St. Louis tries to boost the population with Afghan refugees

ST. LOUIS — Inamullah Niazai sits on the porch step of his red-brick St. Louis home and smiles at the hustle and bustle around him — his mother and father chat in the front yard, his two young daughters munch on chocolate ice cream.

“Everything is possible here,” says Niazai, 23. “We are so lucky that my family can be here together.”

An aggressive attempt in St. Louis is trying to lure Afghan refugees like Niazai. About 600 have arrived so far and another 750 are expected later this year.

Citizen leaders hope that over the next few years, thousands more will choose to relocate to the Midwest city to help offset seven decades of population loss and rejuvenate urban neighborhoods — just as the arrival of Bosnian refugees did three decades ago Has.

It has been almost nine months since the Afghan capital Kabul was ceded to the Taliban. More than 76,000 Afghan refugees have resettled in the United States since last summer. While California and Texas have taken in most displaced Afghans, many will eventually go elsewhere.


In the 1990s, St. Louis became America’s favorite landing spot for Bosnians displaced by the war in the former Yugoslavia. Of the estimated 300,000 who fled to the United States, about 40,000 call St. Louis and the region home today.

They revitalized an area south of the city that is now often referred to as Little Bosnia. The area has markets, cafes, auto repair shops and other Bosnian-owned shops. They have their own online newspaper, their own chamber of commerce.

The Bosnians also provided a much-needed population boost in a city that was losing people at an alarming rate, falling from a peak of over 850,000 in 1950 to just under 300,000 today.

Supported by over $1 million in donations and more than 800 volunteers, the St. Louis Afghan Resettlement Initiative is supported by the Roman Catholic Archdiocese of St. Louis, the International Institute of St. Louis and other nonprofit groups. Proponents say they have received no opposition to their efforts.


Jerry Schlichter, an attorney who is an organizer and a major funder, said the initiative helps find housing and jobs, connects newcomers to training such as computer coding classes, and provides grants for business start-ups.

The St. Louis effort also provided funds to start an online Afghan newspaper, chamber of commerce and community center.

“There is a mutual need. We stagnated,” said Schlichter. “We should seize this unique opportunity for Afghan refugees to end up somewhere in this country.”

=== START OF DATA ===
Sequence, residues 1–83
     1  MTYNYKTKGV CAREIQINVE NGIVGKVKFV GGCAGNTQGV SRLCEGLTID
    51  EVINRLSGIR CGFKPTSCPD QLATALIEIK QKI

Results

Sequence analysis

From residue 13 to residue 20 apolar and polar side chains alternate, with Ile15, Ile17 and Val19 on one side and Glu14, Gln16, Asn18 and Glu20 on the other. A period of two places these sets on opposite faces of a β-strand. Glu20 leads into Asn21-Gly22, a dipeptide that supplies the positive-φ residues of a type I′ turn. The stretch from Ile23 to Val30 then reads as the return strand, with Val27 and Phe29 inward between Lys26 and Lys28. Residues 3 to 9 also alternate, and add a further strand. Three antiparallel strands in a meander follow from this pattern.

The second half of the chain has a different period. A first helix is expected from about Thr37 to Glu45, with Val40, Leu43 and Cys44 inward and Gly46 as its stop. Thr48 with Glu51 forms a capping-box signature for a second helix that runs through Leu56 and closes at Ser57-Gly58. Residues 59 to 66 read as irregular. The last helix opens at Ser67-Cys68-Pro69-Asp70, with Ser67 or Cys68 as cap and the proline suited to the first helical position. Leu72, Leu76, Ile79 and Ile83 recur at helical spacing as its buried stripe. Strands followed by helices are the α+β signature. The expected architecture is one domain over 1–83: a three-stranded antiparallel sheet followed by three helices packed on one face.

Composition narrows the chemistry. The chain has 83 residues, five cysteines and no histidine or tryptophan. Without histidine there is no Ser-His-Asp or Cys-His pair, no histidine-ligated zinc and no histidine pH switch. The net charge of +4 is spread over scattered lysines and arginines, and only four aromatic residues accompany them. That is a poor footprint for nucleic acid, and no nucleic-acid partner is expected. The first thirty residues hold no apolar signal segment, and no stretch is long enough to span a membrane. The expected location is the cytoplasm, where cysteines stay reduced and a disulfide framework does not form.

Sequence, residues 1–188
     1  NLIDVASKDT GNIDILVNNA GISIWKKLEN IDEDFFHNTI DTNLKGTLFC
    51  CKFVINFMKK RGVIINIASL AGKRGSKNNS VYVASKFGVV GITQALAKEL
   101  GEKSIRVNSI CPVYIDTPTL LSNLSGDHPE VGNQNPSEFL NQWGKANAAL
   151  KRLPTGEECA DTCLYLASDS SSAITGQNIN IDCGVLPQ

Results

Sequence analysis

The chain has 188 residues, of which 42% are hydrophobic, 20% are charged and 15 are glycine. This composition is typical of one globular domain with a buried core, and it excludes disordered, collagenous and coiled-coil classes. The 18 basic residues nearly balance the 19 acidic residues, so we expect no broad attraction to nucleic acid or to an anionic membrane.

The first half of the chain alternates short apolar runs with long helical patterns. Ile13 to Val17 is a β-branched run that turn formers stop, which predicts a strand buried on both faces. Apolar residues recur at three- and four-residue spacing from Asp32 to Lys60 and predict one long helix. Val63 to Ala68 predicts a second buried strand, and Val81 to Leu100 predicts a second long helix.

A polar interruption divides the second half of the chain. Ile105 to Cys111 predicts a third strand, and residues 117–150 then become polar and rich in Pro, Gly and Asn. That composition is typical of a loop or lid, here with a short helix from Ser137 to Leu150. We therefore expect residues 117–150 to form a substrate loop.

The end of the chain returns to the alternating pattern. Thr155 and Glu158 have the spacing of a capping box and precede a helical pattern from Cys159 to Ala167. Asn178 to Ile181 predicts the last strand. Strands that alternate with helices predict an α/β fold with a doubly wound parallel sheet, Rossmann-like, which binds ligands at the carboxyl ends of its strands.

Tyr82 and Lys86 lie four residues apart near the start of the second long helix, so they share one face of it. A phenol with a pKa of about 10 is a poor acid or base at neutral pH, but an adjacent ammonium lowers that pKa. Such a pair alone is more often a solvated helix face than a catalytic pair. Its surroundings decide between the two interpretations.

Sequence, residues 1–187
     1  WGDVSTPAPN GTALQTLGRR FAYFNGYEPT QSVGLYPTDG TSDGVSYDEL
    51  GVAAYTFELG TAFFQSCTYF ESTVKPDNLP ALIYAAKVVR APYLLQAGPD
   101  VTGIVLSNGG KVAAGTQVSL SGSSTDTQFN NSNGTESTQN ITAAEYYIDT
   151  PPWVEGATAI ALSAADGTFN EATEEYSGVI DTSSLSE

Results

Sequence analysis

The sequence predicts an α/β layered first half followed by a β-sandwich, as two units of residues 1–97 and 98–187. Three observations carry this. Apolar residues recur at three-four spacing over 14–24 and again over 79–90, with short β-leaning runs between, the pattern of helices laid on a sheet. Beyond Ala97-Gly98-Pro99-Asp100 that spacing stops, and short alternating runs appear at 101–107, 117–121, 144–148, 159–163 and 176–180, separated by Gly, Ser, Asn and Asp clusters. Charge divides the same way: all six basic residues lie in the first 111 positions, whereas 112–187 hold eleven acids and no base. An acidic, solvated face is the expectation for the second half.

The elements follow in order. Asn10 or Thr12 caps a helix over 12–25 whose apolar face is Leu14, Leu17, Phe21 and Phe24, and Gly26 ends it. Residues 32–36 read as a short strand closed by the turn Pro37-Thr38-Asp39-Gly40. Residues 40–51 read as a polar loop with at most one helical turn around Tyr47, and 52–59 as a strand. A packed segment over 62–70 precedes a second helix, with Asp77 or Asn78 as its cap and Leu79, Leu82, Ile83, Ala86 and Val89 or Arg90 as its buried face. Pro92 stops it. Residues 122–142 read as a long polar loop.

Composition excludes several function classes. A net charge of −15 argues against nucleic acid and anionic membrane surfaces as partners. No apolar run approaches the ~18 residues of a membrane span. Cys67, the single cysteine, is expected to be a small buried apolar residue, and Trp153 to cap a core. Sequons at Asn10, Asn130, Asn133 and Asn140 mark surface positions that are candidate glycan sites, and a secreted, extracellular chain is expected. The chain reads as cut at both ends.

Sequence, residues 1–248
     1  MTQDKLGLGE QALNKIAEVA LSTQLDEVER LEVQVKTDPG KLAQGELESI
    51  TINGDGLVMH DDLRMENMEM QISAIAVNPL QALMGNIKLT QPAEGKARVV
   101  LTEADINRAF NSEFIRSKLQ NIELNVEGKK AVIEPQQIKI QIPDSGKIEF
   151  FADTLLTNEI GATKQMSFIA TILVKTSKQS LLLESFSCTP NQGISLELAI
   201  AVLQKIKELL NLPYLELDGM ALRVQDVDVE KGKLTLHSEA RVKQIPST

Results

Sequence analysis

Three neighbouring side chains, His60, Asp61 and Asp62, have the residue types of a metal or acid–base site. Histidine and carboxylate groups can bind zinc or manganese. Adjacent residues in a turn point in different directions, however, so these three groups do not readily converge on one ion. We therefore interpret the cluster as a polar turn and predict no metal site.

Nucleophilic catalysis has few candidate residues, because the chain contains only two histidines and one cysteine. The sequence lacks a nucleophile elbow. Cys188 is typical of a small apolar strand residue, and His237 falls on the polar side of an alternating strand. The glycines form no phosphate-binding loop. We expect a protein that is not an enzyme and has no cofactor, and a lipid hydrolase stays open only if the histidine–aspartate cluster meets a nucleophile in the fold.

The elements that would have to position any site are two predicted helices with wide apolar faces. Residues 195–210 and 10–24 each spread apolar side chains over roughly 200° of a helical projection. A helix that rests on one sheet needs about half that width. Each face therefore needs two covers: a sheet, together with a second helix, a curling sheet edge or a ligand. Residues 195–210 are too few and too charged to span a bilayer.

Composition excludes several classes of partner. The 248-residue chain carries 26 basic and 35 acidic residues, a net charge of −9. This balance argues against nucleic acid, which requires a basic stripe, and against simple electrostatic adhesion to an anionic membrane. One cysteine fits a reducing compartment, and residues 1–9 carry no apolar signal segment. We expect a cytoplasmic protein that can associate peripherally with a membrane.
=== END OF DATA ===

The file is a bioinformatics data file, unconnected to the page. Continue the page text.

Arrey Obenson, president and CEO of the International Institute of St. Louis, said he’s confident the new refugees will revitalize neighborhoods just as Bosnians have done.

“The reality of the circumstances we’re facing is that when we look at the city of St. Louis and the declining population rate, we need to find a way to get people into the community to reverse that,” Obenson said .


St. Louis isn’t the only city with a declining population trying to attract Afghan refugees.

Detroit also reached its population peak in 1950 when 1.85 million people lived there. Today the population has fallen by two-thirds to about 640,000.

Detroit business and community leaders launched the Detroit Refugee Network in April with hopes of raising more than $1 million to provide services such as housing, education, transportation and language classes. About 250 Afghan refugees have settled in Detroit and about 400 more elsewhere in southeast Michigan.

As in St. Louis, history in Detroit has proven the value immigrants can bring, said Steve Tobocman, Executive Director of Global Detroit.

Tobocman and Alan Mallach, a senior fellow at the Center for Community Progress, studied two Detroit neighborhoods populated by immigrants from Bangladesh, Yemen, Mexico, and Central and South America. These two neighborhoods have grown by nearly 50% over the past two decades.


The result, according to the study, is less crime, well over 100 new businesses, and a reduction in home vacancy and tax forfeiture. The residents surveyed were happier and more optimistic than Detroit residents as a whole.

“Depopulation is what’s really putting these neighborhoods in pretty bad shape,” Tobocman said. “The vacancy, the lack of retail opportunities, the lack of jobs. Alone stabilization of the population, or in some cases regrowth of the population, can reverse this course.”

A major hurdle for Afghan refugees is finding accommodation. Thousands still live in hotels across the country.

But by early May, only two Afghan families remained at St. Louis hotels because the initiative has a program that guarantees landlords payments, Schlichter and Obenson said.

Niazai, his wife and their two young daughters fled Kabul last year. They were sent first to Washington, DC, then to temporary accommodation in Texas. They chose St. Louis because other relatives were already here.


The initiative helped them find rental accommodation – a brick home on a quiet street a few miles south of the Gateway Arch, now home to 11 family members. Volunteers provided furniture, food, and what Niazai called “welcome money.” Someone even gave him a car.

Niazai said he feels at home in St. Louis.

“We will stay,” he said. “My future is good here.”

Copyright 2022 The Associated Press. All rights reserved. This material may not be published, broadcast, transcribed or redistributed without permission. St. Louis tries to boost the population with Afghan refugees

Joel McCord

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